By May Zhee Lim, Markets Media Life Correspondent
Cooperstown was once home to frontier novelist James Fenimore Cooper, whose industrialist father founded the village in 1785. Today, the word “Cooperstown” is synonymous with the Baseball Hall of Fame. Between its storied past and the national baseball shrine on Main Street, Cooperstown has much to offer visitors looking for American history and culture on top of a relaxing weekend getaway.
While this charming village is a popular summer vacation spot, going this time of the year means you can avoid the throngs of tourists and explore Cooperstown at your own pace. The Otsego Lake, immortalized in Cooper’s novels, will be free of jet skiers and rental boats, all the better to take in the region’s natural beauty. At the National Baseball Hall of Fame & Museum, you get to delve into the history of America’s favorite pastime, admire thousands of artifacts, and pay tribute to baseball legends in the Plaque Gallery sans the summer crowds.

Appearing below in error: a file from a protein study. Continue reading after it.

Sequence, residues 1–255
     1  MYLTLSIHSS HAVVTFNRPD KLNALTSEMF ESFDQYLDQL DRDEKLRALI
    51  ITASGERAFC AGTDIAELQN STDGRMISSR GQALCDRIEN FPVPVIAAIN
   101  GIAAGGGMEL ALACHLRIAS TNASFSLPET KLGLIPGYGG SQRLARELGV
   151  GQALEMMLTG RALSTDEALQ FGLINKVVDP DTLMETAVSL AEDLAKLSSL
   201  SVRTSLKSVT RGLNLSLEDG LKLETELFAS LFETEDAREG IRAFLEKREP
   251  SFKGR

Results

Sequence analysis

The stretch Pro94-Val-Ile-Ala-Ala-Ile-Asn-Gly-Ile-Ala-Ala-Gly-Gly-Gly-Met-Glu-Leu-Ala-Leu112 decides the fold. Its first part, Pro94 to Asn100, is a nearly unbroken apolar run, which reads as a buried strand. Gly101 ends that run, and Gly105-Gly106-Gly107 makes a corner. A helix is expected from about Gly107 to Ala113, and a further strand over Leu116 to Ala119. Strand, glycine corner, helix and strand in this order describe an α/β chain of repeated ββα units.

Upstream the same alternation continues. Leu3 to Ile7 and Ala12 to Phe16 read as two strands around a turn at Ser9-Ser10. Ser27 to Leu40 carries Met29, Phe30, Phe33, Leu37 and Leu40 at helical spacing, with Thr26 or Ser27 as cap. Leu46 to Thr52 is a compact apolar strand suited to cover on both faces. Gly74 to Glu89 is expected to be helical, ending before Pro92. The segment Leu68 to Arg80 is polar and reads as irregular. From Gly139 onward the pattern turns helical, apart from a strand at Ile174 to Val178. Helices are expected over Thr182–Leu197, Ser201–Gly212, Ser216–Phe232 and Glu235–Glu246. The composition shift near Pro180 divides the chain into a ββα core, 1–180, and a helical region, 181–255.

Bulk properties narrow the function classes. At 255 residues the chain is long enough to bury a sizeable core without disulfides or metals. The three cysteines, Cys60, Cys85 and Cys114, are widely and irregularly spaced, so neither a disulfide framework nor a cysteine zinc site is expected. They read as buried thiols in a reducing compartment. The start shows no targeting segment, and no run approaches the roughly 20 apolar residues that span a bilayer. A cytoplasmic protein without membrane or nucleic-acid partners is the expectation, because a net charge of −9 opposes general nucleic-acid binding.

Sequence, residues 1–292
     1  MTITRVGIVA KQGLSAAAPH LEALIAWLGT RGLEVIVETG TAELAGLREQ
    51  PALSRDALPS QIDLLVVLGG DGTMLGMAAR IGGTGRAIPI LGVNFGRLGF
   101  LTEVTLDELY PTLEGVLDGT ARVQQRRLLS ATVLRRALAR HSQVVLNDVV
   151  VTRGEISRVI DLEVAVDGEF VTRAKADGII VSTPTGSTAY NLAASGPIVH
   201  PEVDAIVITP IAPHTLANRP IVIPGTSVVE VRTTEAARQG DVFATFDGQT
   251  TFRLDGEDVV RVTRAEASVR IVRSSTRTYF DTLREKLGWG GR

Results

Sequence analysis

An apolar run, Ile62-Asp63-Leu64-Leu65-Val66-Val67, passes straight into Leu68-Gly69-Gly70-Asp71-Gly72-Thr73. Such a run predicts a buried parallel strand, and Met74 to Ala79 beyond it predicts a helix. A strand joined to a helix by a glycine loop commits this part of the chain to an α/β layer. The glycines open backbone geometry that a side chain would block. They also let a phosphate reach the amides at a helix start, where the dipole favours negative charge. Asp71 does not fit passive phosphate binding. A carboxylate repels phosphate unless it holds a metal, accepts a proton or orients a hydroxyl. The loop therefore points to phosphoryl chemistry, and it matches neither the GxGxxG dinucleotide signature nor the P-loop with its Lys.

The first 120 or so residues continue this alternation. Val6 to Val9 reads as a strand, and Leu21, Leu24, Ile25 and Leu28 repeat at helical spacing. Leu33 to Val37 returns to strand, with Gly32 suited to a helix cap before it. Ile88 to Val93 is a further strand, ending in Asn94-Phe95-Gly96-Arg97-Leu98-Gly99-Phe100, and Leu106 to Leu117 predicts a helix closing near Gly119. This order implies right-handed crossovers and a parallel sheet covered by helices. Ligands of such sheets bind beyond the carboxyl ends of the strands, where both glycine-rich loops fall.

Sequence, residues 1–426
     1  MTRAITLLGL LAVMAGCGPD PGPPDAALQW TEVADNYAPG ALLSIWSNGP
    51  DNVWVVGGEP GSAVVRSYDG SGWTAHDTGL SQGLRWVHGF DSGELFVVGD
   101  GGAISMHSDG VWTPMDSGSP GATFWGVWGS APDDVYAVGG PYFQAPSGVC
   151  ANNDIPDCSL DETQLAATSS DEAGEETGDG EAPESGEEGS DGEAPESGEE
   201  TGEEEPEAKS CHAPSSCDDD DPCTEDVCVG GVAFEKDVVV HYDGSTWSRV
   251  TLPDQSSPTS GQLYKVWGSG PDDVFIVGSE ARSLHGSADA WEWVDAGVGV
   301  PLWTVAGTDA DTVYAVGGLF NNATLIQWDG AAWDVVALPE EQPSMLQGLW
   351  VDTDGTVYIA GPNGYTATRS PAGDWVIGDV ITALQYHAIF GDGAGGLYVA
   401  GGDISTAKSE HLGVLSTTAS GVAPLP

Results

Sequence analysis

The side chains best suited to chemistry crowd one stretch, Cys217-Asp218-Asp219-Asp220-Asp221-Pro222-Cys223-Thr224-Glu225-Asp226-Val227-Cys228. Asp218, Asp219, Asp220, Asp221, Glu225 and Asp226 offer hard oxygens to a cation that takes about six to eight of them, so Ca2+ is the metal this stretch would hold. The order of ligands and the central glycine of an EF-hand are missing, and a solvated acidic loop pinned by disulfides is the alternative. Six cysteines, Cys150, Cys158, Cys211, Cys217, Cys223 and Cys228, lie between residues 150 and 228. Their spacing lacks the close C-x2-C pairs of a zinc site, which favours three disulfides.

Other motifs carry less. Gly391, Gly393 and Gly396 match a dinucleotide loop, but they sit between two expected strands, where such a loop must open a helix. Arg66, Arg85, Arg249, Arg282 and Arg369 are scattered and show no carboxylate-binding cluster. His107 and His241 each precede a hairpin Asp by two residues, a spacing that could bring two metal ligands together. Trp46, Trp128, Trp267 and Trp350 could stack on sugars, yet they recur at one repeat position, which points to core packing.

In March, the Fenimore Art Museum opens its doors to visitors again. There, you will find collections of American folk art, American Indian art, and changing exhibitions from influential artists and photographers. In the meantime, warm up with some award-winning Belgian-style beers at Ommegang’s brewery. Tours and tastings run on the hour, and the café serves up Belgian-themed foods to pair with your favorite beer. The cold weather putting you in the mood for something stronger? There’s always the Cooperstown Distillery, which offers small-batch, handcrafted spirits.
If all this entices you to extend your stay, make lodging arrangements at 19th century hotels (equipped with modern amenities, of course) like The Inn and The Cooper Inn. Both are steps away from the village’s main attractions, and you don’t have to pay the summer rates.
Cooperstown is located in the south-central part of New York State, 70 miles west of Albany and 30 miles south of the NYS Thruway (I-90).
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